Blog Post

AT&T-owned AIO Wireless launches pre-paid and BYOD service, but no LTE

Stay on Top of Emerging Technology Trends

Get updates impacting your industry from our GigaOm Research Community
Join the Community!

You likely haven’t heard of AIO Wireless yet, but AT&T(s t) hopes you will soon. Launching Thursday in three cities, AIO Wireless is a pre-paid and BYOD, or bring your own device, service provider and is a subsidiary of AT&T. The pre-paid nationwide service is now available in Houston, Tampa and Orlando with expectations of opening stores in various U.S. markets over the next year. AT&T still has its own branded GoPhone pre-paid service.

I took a quick look at the new AIO Wireless (pronounced “A-O”) website and the plans remind me a bit of T-Mobile’s(s tmus) new Simple Choice offerings. There are just a few choices, and each advertises unlimited talk, text and data, although some of that data is at “high speed” while some is not. AIO will reduce or throttle speeds once you reach the limit for your specific plan.

AIO WirelessFor $40 a month, 250 MB of data is served at high speed while $55 each month bumps the fast data capacity to 2 GB. A $70 plan boost the fast data cap to 7 GB. You can pay $15 for a tablet to get on the data network but only get 250 MB of high speed service. The press release mentions “4G download speeds of up to 4Mbs”, so the company isn’t offering LTE. Adding an additional gigabyte of fast data service or international calling is available for $10 a month.

Handset choices are as expected for a pre-paid provider, ranging from $30 feature phones to $50 low-end smartphones all the way up to various iPhone (s aapl) models, both at reduced (refurbished) prices to $649.99 for a new iPhone 5. You can also check to see if your own device is supported — I’d be surprised if an AT&T-compatible phone weren’t — but if you have an LTE radio in it, it won’t be used.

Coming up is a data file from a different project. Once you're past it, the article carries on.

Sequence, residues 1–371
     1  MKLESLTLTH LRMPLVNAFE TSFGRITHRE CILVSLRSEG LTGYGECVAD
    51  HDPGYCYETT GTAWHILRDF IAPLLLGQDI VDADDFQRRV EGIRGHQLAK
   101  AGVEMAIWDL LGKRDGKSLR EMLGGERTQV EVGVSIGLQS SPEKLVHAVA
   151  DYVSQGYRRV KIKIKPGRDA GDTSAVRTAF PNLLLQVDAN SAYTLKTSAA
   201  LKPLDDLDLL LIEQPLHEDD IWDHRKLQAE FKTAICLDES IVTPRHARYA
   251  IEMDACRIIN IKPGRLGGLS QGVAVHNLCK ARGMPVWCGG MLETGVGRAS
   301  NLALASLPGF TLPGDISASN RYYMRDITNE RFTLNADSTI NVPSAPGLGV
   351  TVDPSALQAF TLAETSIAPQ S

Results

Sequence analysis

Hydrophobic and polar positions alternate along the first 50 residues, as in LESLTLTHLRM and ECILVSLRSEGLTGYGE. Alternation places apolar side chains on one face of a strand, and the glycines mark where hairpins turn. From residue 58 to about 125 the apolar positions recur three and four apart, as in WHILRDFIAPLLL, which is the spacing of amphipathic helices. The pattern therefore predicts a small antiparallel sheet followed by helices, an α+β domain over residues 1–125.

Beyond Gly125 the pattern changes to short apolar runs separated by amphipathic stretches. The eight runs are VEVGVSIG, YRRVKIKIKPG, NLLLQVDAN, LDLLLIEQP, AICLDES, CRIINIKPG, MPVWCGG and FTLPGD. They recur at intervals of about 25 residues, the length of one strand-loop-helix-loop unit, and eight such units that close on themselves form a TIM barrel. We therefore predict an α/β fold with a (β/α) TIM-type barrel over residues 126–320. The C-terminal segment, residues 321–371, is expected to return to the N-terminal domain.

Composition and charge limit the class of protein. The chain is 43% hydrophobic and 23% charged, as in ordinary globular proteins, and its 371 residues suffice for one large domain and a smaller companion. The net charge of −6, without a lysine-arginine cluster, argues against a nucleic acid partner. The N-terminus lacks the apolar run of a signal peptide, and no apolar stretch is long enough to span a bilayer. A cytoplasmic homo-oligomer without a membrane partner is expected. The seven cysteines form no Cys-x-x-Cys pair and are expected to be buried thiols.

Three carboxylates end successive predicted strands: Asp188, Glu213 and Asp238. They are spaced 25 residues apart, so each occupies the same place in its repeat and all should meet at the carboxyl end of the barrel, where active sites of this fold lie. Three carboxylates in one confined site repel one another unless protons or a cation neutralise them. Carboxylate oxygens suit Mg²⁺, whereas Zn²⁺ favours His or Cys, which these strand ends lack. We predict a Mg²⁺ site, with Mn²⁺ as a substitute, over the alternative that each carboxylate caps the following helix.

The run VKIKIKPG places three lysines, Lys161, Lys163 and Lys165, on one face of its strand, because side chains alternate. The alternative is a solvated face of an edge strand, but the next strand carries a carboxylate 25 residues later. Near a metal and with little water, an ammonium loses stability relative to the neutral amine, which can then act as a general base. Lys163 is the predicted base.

It seems that the two largest U.S. carriers, AT&T and Verizon(s vz)(s vod), are following suit when it comes to their expensive investments in LTE network upgrades: Keep the fastest services for those on contract. This helps recoup the investment faster by nudging high speed data users to generally more expensive monthly plans that practically guarantee an income stream for two years.

14 Responses to “AT&T-owned AIO Wireless launches pre-paid and BYOD service, but no LTE”

  1. rossen p.

    there are a couple of significant points missing that I had to dig for:

    * the $40 plan is for feature phones only. no smartphones.
    * the $40 plan is limited to 4 Mbps, lower than what their HSPA+ network offers.

    to me, that was the most interesting plan but those two items kill any interest I may have had. AT&T remains the most noncompetitive when it comes to prepaid/BYOD.

    • EricWang

      I agree with rossen p.

      AIO Wireless is not competitive at all. T-Mobile Prepaid’s $30 plan (100 min, unlimited text & data with first 5G high speed) is still the best bargain. AIO’s up to 4Mbps HSPA+ speed is kind of a joke. My phone has always been over 12Mbps (sometimes over 20Mbps) on T-mobile.